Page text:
A first step in the present invention is the finding that stable colloidal suspensions of bare gold nanoparticles can be created by a top-down fabrication method in situ in a suspension medium in the absence of stabilizing agents. Colloidal gold nanoparticles exhibit an absorbance peak in the wavelength range of 518 to 530 nanometers (nm). The term "stable" as applied to a colloidal gold preparation prepared according to the present invention means that the absorbance intensity caused by localized surface plasmon resonance of a bare colloidal gold preparation upon storage does not vary by more than plus or minus 10% of the value as measured immediately after preparation of the bare colloidal gold preparation, obviously at the same concentration. Generally, if a colloidal gold preparation becomes unstable the gold nanoparticles begin to aggregate and precipitate out of the suspension over time, thus leading to a decrease in the absorbance at 518-530 nm. In addition, "stable" means that there is a minimal red shift or change in localized surface plasmon resonance of 2 nanometers or less. The term "bare" as applied to the colloidal gold nanoparticles prepared according to the present invention means that the nanoparticles are pure gold with no surface modification or treatment other than creation as described in the liquid. The bare gold nanoparticles are also not in the presence of any stabilizing agents, they are simply in the preparation liquid which does not contain any nanoparticle stabilizers such as citrate. The present method preferably comprises formation of bare nanoparticles; however, this does not exclude the use of stabilizers such as citrate if desired. One of the unique aspects of the present invention is that the presence of such stabilizers, while tolerated, is not required. All previous methods require use of stabilizers and surfactants and the problems associated with this requirement are discussed throughout the present specification. It is necessary that the preparation occur in a liquid so that the colloidal suspension forms as the nanoparticles are created. It is not possible to create colloidal gold by first creating dry powdered gold nanoparticles and then adding them to a suspension medium and expect to generate colloidal gold. A dry gold nanoparticle powder will not disperse in a suspension medium without the addition of one or more surfactants or other stabilizing agents such as are used in wet chemical formation methods described above. Only by following the process of the present invention can stable bare gold nanoparticle colloids be prepared in situ. There are a variety of top-down nanofabrication approaches that can be used in the present invention. All, however, require that the generation of the nanoparticles from the bulk material occur in the presence of the suspension medium. In one embodiment the process comprises a one step process wherein the application of the physical energy source, such as mechanical energy, heat, electric field energy i.e. arc discharge, magnetic field energy, ion beam energy, electron beam energy, or laser energy to the bulk gold occur in the suspension medium. The bulk source is place in the suspension medium and the physical energy applied thus the generated nanoparticles are immediately suspended in the suspension medium as they are formed. In another embodiment the present invention is a two-step process including the steps of 1) fabricating gold nanoparticle arrays on a substrate by using photo, electron beam, focused ion beam, nanoimprint, or nanosphere lithography as known in the art; and 2) removing the gold nanoparticle arrays from the substrate into the suspension liquid using one of the physical energy methods. Tabor, C., Qian, W., and El-Sayed, M. A., Journal of Physical Chemistry C, Vol 111 (2007), 8934-8941; Haes, A. J.; Zhao, J.; Zou, S. L.; Own, C. S.; Marks, L. D.; Schatz, G. C.; Van Duyne, R. P. Journal Of Physical Chemistry B, Vol 109 (2005), 11158. In both methods the colloidal gold is formed in situ by generating the nanoparticles in the suspension medium using one of the physical energy methods.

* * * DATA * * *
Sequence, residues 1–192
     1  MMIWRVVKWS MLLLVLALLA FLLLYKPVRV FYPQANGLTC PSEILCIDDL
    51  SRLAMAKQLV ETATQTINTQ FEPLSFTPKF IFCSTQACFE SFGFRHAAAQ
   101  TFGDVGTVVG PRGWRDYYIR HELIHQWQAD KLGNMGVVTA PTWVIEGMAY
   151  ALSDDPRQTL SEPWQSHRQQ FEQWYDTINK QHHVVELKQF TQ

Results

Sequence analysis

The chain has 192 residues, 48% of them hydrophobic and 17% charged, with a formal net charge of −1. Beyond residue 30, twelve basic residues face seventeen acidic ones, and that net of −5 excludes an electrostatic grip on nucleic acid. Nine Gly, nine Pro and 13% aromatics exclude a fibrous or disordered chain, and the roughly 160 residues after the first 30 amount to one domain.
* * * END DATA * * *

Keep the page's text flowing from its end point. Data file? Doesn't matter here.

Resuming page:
In at least one embodiment of the present invention, gold nanocolloids were produced by pulsed laser ablation of a bulk gold target in deionized water as the suspension medium. FIG. 1 schematically illustrates a laser-based system for producing colloidal suspensions of nanoparticles of complex compounds such as gold in a liquid using pulsed laser ablation in accordance with the present invention. In one embodiment a laser beam 1 is generated from an ultrafast pulsed laser source, not shown, and focused by a lens 2. The source of the laser beam 1 can be a pulsed laser or any other laser source providing suitable pulse duration, repetition rate, and/or power level as discussed below. The focused laser beam 1 then passes from the lens 2 to a guide mechanism 3 for directing the laser beam 1. Alternatively, the lens 2 can be placed between the guide mechanism 3 and a target 4 of the bulk material. The guide mechanism 3 can be any of those known in the art including piezo-mirrors, acousto-optic deflectors, rotating polygons, a vibration mirror, or prisms. Preferably the guide mechanism 3 is a vibration mirror 3 to enable controlled and rapid movement of the laser beam 1. The guide mechanism 3 directs the laser beam 1 to a target 4. In one embodiment, the target 4 is a bulk gold target. The target 4 is submerged a distance, from several millimeters to preferably less than 1 centimeter, below the surface of a suspension liquid 5. The target 4 is positioned in a container 7 additionally but not necessarily having a removable glass window 6 on its top. Optionally, an O-ring type seal 8 is placed between the glass window 6 and the top of the container 7 to prevent the liquid 5 from leaking out of the container 7. Additionally but not necessarily, the container 7 includes an inlet 12 and an outlet 14 so the liquid 5 can be passed over the target 4 and thus be re-circulated. The container 7 is optionally placed on a motion stage 9 that can produce translational motion of the container 7 with the target 4 and the liquid 5. Flow of the liquid 5 is used to carry the nanoparticles 10 generated from the target 4 out of the container 7 to be collected as a colloidal suspension. The flow of liquid 5 over the target 4 also cools the laser focal volume. The liquid 5 can be any liquid that is largely transparent to the wavelength of the laser beam 1, and that serves as a colloidal suspension medium for the target material 4. In one embodiment, the liquid 5 is deionized water having a resistivity of greater than 0.05 MOhmcm, and preferably greater than 1 MOhmcm. The system thus allows for generation of colloidal gold nanoparticles in situ in a suspension liquid so that a colloidal gold suspension is formed. The formed gold nanoparticles are immediately stably suspended in the liquid and thus no dispersants, stabilizer agents, surfactants or other materials are required to maintain the colloidal suspension in a stable state. This result was unexpected and allows the creating of a unique colloidal gold suspension that contains bare geld nanoparticles.